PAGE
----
Breastfed babies less likely to be neglected

An international team of specialists have carried out a study which has revealed that mothers who breastfeed are less likely to neglect their children.

The team led by Dr. Lane Strathearn, an assistant professor of pediatrics at Baylor College of Medicine in Texas say their study provides new evidence that breastfeeding may have a protective effect and promoting breastfeeding may be a simple and cost-effective way to strengthen the mother-infant relationship.

The researchers say maternal neglect represents a fundamental breakdown in the relationship between a mother and her child, where the mother fails to provide the physical and emotional care that an infant needs to develop normally.

Dr. Strathearn, a former graduate of the University of Queensland says breastfeeding may be a natural way to support the mother-infant relationship and reduce the risk of neglect in the long term.

He says it is a concern that limited maternity leave often inhibits women from strengthening this relationship and providing economic and social support for new mothers to stay at home with their babies may help accomplish this goal.

Dr. Strathearn says the best way to help mothers adapt to the individual needs of their children is to enable them to breastfeed.

In order to examine the importance of this relationship, Dr. Strathearn and colleagues from the University of Queensland and Mater Misericordiae Children's Hospital in Brisbane followed 7,223 Australian women and their children over a 15-year period.

To identify other factors that might affect the likelihood that a mother would neglect or injure her child and the length of time a child was breastfed, they used reports in an Australian database and it was revealed that the longer the mother breastfed her infant, the lower the risk that she would neglect the baby or child.

Dr. Strathearn says mothers who breastfed for less than four months were more than twice as likely to neglect their children than were those who breastfed four months or more and those who did not breastfeed were almost 4 times more likely to neglect than women who breastfed at least four months.

The team say even when factors such socioeconomic status, maternal attitudes, anxiety, substance abuse and depression, maternal age, race, marital status, qualification, working or non working and smoking and drinking habits of the mothers were accounted for the relationship between breastfeeding and maternal neglect remained.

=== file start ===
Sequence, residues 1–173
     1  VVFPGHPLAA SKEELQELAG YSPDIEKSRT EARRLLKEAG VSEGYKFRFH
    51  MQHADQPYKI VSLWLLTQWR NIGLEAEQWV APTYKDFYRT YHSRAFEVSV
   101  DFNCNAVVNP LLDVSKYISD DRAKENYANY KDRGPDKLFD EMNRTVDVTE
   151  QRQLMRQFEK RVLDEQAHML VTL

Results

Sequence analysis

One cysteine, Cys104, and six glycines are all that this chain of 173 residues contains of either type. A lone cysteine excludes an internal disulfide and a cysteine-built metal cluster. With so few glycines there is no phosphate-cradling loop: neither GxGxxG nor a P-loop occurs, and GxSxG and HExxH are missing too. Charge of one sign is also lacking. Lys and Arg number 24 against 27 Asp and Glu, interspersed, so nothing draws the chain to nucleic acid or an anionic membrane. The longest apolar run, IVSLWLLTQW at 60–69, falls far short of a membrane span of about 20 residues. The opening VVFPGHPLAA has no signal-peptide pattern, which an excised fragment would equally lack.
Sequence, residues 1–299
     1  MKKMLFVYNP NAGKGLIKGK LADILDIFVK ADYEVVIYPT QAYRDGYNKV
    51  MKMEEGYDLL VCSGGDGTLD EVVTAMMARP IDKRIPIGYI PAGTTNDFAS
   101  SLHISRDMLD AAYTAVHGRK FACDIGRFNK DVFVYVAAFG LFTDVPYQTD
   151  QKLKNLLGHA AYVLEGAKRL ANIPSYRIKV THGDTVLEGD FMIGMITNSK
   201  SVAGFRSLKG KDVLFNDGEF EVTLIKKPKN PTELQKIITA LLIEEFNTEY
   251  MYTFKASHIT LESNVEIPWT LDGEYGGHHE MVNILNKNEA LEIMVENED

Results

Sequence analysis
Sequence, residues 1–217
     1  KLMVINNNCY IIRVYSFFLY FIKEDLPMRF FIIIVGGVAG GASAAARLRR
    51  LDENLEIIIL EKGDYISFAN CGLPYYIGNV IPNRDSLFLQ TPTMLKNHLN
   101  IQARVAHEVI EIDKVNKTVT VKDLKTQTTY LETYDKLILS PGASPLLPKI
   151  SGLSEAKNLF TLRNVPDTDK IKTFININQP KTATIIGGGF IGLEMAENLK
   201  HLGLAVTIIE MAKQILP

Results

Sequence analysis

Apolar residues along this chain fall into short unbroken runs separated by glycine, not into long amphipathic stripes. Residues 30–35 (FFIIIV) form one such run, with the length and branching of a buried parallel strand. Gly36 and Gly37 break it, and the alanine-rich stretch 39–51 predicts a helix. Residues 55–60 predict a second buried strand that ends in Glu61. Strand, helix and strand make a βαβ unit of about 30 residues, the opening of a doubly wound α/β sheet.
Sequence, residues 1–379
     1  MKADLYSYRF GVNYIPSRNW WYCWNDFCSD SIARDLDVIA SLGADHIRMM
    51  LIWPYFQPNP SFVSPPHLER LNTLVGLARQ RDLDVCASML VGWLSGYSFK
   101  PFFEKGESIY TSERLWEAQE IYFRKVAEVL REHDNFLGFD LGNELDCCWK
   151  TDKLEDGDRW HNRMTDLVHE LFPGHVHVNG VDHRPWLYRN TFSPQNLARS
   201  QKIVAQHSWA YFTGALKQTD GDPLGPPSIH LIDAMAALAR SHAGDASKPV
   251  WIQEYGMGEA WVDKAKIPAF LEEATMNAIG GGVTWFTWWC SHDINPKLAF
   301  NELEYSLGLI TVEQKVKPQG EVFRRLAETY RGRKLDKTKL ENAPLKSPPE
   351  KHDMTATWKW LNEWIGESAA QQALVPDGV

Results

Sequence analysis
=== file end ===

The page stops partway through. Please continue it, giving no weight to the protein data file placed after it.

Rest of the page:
Other research provides ample evidence which help explains why breastfeeding plays a role in supporting the development of the mother-infant relationship - Dr. Strathearn says a critical hormone produced during breastfeeding, oxytocin, promotes and reinforces maternal behaviour and it is possible that this helps to develop the attachment relationship of the mother and her baby.

Dr. Strathearn says it is known that oxytocin has a powerful effect on the brain and makes people less anxious and stressed and calmer, trusting and more connected.

Dr. Strathearn says the factors that help shape the development of the oxytocin system in the brain may predispose to successful breastfeeding and nurturance of the baby and understanding early relationship factors that may help prevent maternal neglect, which is very important for society both in developing intervention strategies for mothers and preventing possible long-term developmental problems for children.

The research team included Dr. Abdullah Mamun and Dr. Jake Najman from the University of Queensland, Australia and Dr. Michael O'Callaghan of Mater Misericordiae Children's Hospital in Brisbane, Australia.

The research was supported by grants from the Queensland Government Department of Child Safety, the Australian National Health and Medical Research Council and the United States National Institute of Child Health and Human Development.

There is a solid body of research which supports the many benefits of breast feeding for both mother and child - premature babies especially gain more benefit from breast milk and mothers who breastfeed have fewer episodes of post-delivery depression, lose weight easily after pregnancy and are less likely to have cancer of the breast and ovarian cancer, anaemia and osteoporosis.

The study is published in the February 09 issue of medical journal Pediatrics.

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